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A Clean Sweep of the Shelf

It’s first-of-the-year housecleaning time again. Here are brief notes on a handful of worthwhile books I never quite got to in 1994:

FRANCE by Daniel Robinson and Leanne Logan (Lonely Planet, $21.95 paper); HUNGARY by Steve Fallon (Lonely Planet, $15.95 paper) and SWITZERLAND by Mark Honan (Lonely Planet, $14.95 paper).

Though the idea of travelers to such mainstream European destinations as France and Switzerland needing a “Travel Survival Kit” (as the guides are blurbed) may seem a bit silly, it’s good to see Lonely Planet’s obsession with detail, appreciation for cultural fine points and budget-mindedness applied to these nations. Hungary, though eminently civilized, and considerably more up-to-date than some of its neighbors in Eastern Europe, does still seem rather exotic to many American travelers (that language, for one thing), so “survival” might be a bit more of a concern. Again, Lonely Planet does the job well.

*

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GENE KILGORE’S RANCH VACATIONS, third edition, by Gene Kilgore (John Muir Publications, $19.95 paper).

This hefty volume, with a plump insert of postcard-pretty photos, lists and describes hundreds of resort and guest ranches across the country, as well as fly-fishing camps and cross-country skiing facilities. Invaluable for the rurally inclined vacationer.

*

GUIDE TO ANCIENT NATIVE AMERICAN SITES by Michael S. Durham (Globe Pequot, $15.95 paper).

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Nearly 150 places important to American Indians, in 29 states, are described here, with practical details attached. The author has a historical bent, and effortlessly weaves tidbits of illuminating background information into his listings.

*

HIDDEN FLORIDA; THE ADVENTURER’S GUIDE, fourth edition, by Stacy Ritz, et al. (Ulysses Press, $14.95 paper).

There’s not a lot of style in this jam-packed, vaguely breathless introduction to the Sunshine State, but it’s hard to imagine that the authors have missed a worthwhile corner of Florida, as they list and briefly appraise everything from downtown shops and well-known inns to secluded beaches and obscure museums.

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*

HOW TO FLY FOR KIDS! YOUR FUN-IN-THE-SKY AIRPLANE COMPANION by Natalie Windsor (Corkscrew Press/Globe Pequot, $8.95 paper).

Games, puzzles, airport and airplane facts and fancies, and more, designed to keep airborne small fry occupied, at least until lunch is served or the cartoons come on. The text is too complicated to hold the attention of younger fliers, and older ones might prefer Game Tendo (or listening to Megadeath on the Walkman), but I’d guess that the 7-to-11 set might be genuinely diverted by at least some of the contents. (Ten pages of pointers for parents of traveling children are included.)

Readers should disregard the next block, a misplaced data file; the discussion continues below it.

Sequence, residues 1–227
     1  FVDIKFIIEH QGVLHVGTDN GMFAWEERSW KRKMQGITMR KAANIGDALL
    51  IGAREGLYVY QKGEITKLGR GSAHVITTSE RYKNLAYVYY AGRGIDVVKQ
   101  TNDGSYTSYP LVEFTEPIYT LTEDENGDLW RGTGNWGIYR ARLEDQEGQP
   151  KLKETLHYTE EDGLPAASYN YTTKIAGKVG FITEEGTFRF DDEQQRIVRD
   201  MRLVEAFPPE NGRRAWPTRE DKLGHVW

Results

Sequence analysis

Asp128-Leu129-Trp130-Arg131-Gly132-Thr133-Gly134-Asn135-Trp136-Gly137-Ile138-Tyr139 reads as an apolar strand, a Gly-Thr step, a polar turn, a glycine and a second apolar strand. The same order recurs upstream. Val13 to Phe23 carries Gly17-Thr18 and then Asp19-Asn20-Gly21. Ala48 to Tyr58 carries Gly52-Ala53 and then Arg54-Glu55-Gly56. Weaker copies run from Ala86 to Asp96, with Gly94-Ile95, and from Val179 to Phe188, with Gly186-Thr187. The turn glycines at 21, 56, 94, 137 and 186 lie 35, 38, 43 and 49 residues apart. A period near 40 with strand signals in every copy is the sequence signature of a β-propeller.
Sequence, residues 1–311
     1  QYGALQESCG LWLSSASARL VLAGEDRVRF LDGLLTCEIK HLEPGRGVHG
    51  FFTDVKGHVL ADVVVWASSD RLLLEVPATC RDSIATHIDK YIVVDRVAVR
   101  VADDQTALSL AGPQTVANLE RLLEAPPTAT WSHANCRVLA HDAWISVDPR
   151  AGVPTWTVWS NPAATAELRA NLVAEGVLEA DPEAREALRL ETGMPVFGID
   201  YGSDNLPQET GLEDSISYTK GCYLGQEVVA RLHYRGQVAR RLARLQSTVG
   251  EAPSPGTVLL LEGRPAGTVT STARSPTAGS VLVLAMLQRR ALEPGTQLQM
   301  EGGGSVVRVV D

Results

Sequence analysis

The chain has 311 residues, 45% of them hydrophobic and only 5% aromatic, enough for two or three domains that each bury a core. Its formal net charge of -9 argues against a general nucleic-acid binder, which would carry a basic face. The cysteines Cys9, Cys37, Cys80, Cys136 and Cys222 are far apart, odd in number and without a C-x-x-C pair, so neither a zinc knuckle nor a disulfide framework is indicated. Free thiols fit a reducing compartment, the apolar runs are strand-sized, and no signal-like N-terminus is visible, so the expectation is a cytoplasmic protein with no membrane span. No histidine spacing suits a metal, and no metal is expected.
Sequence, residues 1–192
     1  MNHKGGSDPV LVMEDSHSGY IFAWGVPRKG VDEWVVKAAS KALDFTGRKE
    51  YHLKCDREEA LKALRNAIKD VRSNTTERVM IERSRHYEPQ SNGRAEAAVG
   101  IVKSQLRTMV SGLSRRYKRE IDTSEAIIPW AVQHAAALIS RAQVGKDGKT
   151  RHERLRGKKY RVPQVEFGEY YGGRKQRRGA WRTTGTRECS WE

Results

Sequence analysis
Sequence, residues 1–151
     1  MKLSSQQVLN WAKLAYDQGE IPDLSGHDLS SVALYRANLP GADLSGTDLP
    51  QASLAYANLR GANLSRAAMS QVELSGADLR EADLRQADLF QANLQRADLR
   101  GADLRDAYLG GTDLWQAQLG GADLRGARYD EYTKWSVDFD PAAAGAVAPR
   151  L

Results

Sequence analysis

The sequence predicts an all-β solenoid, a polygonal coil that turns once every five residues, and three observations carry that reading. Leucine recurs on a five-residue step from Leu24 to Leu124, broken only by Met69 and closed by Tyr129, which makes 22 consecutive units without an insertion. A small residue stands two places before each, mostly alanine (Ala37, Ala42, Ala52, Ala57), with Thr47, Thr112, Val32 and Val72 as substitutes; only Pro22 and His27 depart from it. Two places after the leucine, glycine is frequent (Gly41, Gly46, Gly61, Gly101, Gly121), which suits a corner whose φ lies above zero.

*

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THE LION IN THE MOON; TWO AGAINST THE SAHARA by Babs Suzanne Harrison and Staefan Eduard Rada (Rainbow Books, Inc., $19.95 paper).

A writer and a well-traveled academic meet on a blind date, and a few weeks later find themselves crossing the Sahara together in a four-wheel-drive cruiser. This is their first-person story. It’s a great tale (told in alternating voices)--even if notes of gee-whiz and of I-really-know-my-way-around, respectively, are apparent here and there. (The traveling companions obviously got along well; they are now married.)

*

POP CULTURE LANDMARKS; A TRAVELER’S GUIDE by George Cantor (Visible Ink Press, $17.95 paper).

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Graceland, the James Dean Memorial, the Mario Lanza Museum, the Jack Kerouac Memorial, Bourbon Street, the Ben & Jerry’s Ice Cream Factory, the Bing Crosby Library . . . . Some 300 sites, either important in themselves to modern American culture or commemorating people or events that were, are described and listed here. Fun to read, even if you don’t use it as a trip-planner.

*

SICILY by Dana Facaros & Michael Pauls (Cadogan Books/Globe Pequot, $12.95 paper).

Thoughtful, detailed description of and information about this fascinating corner of the Mediterranean. Sometimes literary in tone and always well-crafted, this book upholds the usual Cadogan standards.

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*

For information on more travel books, see L9.


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